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Antarctica: An Overview. Samantha Hansen, University of Alabama PolarTREC Orientation Meeting February 2012. Antarctica Fun Facts. 5 th largest land mass; 1.5 times the size of the U.S. Coldest, windiest, driest, highest, quietest, most remote, and least understood continent on Earth

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antarctica an overview

Antarctica: An Overview

Samantha Hansen, University of Alabama

PolarTREC Orientation Meeting

February 2012

antarctica fun facts
Antarctica Fun Facts
  • 5th largest land mass; 1.5 times the size of the U.S.
  • Coldest, windiest, driest, highest, quietest, most remote, and least understood continent on Earth
    • World’s largest desert
    • Record cold: -129°F
  • 99.6% covered by ice, making direct observations very difficult
who owns antarctica
Who owns Antarctica?

Technically, no one,but territory claims have been made.

antarctic treaty
Antarctic Treaty
  • Signed by 12 nations in 1959; 42 nations included now.

Antarctica is to be used for peaceful purposes only; no military activities of any kind are permitted. Scientific program plans, personnel, observations, and results shall be freely exchanged. All land and ice shelves south of latitude 60°S are covered.

u s antarctic program usap
U.S. Antarctic Program (USAP)
  • Supports Antarctic Treaty by fostering cooperative research; about 3,000 Americans involved each year

Research Goals:

  • To understand the region and its ecosystem
  • To understand its effects on and responses to global processes, such as climate
  • To use the region as a platform to study the upper atmosphere and space

Disciplines: astronomy, atmospheric science, biology, earth science, environmental science, geology, glaciology, marine biology, oceanography, geophysics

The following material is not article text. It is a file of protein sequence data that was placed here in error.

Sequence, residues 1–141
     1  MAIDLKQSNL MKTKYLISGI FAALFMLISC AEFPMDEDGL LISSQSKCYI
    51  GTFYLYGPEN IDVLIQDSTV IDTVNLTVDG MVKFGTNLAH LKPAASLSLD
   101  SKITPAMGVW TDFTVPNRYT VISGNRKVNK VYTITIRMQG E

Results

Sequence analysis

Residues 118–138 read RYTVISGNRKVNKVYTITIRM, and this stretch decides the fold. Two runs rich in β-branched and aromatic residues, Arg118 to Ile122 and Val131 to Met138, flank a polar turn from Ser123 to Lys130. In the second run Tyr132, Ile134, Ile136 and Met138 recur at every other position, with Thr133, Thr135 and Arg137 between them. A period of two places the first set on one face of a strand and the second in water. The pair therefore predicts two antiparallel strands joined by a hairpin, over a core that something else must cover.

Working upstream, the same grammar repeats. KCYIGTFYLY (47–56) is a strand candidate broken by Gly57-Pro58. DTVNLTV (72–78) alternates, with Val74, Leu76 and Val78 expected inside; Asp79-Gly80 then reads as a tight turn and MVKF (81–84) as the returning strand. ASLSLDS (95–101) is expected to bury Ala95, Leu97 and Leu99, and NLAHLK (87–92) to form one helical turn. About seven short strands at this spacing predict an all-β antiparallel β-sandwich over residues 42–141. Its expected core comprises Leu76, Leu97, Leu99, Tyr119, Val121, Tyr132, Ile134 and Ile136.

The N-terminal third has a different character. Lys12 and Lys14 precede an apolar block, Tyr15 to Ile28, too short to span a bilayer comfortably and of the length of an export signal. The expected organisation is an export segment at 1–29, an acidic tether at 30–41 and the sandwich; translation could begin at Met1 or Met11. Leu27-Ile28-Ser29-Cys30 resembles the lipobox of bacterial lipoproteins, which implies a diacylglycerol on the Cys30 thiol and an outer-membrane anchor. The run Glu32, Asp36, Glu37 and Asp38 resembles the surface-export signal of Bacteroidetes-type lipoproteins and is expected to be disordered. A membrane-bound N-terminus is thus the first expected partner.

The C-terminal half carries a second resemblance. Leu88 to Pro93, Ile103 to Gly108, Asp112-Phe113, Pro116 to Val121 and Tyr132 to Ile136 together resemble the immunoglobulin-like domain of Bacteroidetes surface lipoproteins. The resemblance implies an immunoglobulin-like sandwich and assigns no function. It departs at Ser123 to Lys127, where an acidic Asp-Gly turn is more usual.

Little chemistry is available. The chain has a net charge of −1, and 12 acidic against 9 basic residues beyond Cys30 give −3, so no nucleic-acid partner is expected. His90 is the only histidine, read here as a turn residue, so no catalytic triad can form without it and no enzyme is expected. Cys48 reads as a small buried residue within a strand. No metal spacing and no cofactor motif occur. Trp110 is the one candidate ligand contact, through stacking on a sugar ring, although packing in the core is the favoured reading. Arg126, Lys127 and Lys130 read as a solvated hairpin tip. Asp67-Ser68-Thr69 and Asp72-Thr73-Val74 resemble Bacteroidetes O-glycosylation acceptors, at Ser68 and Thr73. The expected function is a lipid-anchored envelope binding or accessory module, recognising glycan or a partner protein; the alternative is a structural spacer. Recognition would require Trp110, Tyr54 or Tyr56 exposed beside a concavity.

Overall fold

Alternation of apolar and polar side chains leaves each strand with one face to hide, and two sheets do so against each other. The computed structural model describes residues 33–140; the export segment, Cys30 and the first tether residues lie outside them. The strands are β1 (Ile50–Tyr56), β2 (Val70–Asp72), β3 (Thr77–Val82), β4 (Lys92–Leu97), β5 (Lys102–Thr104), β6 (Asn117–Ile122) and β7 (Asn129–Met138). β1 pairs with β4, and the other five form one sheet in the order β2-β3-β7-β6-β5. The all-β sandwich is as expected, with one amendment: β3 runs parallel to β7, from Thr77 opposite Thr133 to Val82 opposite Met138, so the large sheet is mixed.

why antarctica
Why Antarctica?

=

?

  • The research being done in Antarctica cannot be done anywhere else!
    • Arguably the most undisturbed region on the planet
    • Unique environment make it the ideal location for many studies
  • A few examples…
astrophysical observatory
Astrophysical Observatory

South Pole telescope with Milky Way behind;

Hrubes (2010)

  • Measuring radiation arriving to Earth from space; cold/dry air and clear skies are crucial
  • Infrared and millimeter wavelength telescope
  • Study how planets, stars, and galaxies are born

Aurora australis over South Pole station; Cullis (2009)

pine island glacier pig
Pine Island Glacier (PIG)

Landsat Image (2001)

  • What is driving ice loss and causing glacier to flow rapidly into the sea?
  • Impact on sea-level rise
  • Properties of bedrock beneath ice (impact on how they move)

Bindschadler (2011)

seal and penguin science
Seal and Penguin Science
  • Investigating the diet, behavior, breeding, etc. of Antarctic critters
  • Impacts on their ecosystem

Pictures near McMurdo; Hansen (2009)

drilling into lake ellsworth
Drilling into Lake Ellsworth
  • British, Russian, and American scientists trying to sample lake that has been isolated for at least 125,000 years
  • Buried beneath 2 miles of ice
  • Thought to be extreme habitat for microbial life; important record of ice sheet and climate history in lake sediments

Images from the Subglacial Lake Ellsworth Consortium

antarctica s gamburtsev province agap
Antarctica’s Gamburtsev Province (AGAP)
  • Investigating the GamburtsevMtns.
    • How did they form?
    • Role in E. Antarctic ice sheet formation?
  • GAMSEIS and GAMBIT (seismic and aerogeophysics)

Deretsky (2009)

GAMSEIS field pictures; Hansen (2010)

collaboration with k 12 educators
Collaboration with K-12 Educators
  • As a researcher, it is fun and exciting to share your work with the education community
  • Readily lends itself to K-12 education and outreach
    • inspire the next generation of polar scientists

Australian Antarctic Division

antarctic education and the bigger picture
Antarctic Education and the “Bigger Picture”
  • Getting students interested in math, science, and technology requires showing them things that are new, different, and exciting.
  • Basically EVERYTHING in Antarctica can be described this way!
  • Get them thinking about what they might do in the future
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Thanks for your attention.

Any comments/questions?

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